• Is the time required for claim processing affected by the driver’s geographical area?
  • Does the weather on the day of the accident affect the time required to process the claim?

Based on the answers to these questions, Camundanzia plans to evaluate if a policy rider is required for drivers under a certain age with cars in the designated classes as well as if additional training of the staff or changes to the process to route specific claims to a specialized staff for handling is needed.

Explanation: In many P&C organizations, this type of analysis is often completed by rating agencies or by looking at information in the policy and underwriting databases, but since we are reviewing a new possible policy offering, let’s assume we will run the data in-house to make some determination. This is for an example only using fictitious data.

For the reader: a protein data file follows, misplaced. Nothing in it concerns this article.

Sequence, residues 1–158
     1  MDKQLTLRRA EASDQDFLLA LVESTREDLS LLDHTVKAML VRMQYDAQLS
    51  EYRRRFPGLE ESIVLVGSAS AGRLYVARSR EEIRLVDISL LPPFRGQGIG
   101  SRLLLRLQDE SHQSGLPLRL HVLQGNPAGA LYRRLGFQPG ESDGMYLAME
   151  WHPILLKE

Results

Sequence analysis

In this example scenario, you are a member of Camundanzia’s data analytics team and will be using this background to study the data.

Getting Started

In our example, Camundanzia’s claims process looks like the diagram represented below.


Note: This is the same process that was used to provide the variables noted in the ML-ready dataset previously in this blog.

You start by running some of the out-of-the-box reports provided by Camunda Optimize before extracting data and using your data analysis tools to review the data. In this case, you are reviewing how many claims were received by vehicle type.


This helps to show where claims are taking the longest time to complete.


Using these initial visualizations can help you direct some of the focus for your analytics for your specific questions and analysis.

Using Camunda’s ML-ready dataset outside of Optimize

First, you will want to extract an ML-ready dataset from our Camunda environment and make sure that you have access to any other pertinent data that has information that can be used to help answer the questions.

Visualizing with Tableau or PowerBI